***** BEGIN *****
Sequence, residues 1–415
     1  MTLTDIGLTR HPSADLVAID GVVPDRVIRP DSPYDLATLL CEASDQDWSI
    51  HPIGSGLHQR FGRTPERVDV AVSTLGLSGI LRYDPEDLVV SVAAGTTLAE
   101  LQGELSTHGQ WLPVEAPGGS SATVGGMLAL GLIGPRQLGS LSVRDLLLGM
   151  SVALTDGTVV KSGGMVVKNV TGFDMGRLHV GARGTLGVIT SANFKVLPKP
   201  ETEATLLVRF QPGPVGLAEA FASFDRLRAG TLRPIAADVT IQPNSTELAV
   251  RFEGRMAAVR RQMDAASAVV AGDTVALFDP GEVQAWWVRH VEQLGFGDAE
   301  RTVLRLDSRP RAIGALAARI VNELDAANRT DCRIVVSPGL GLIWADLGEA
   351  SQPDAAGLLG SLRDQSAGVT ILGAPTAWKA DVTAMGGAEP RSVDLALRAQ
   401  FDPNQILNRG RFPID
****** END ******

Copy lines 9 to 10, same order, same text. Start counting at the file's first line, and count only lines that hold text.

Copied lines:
   351  SQPDAAGLLG SLRDQSAGVT ILGAPTAWKA DVTAMGGAEP RSVDLALRAQ
   401  FDPNQILNRG RFPID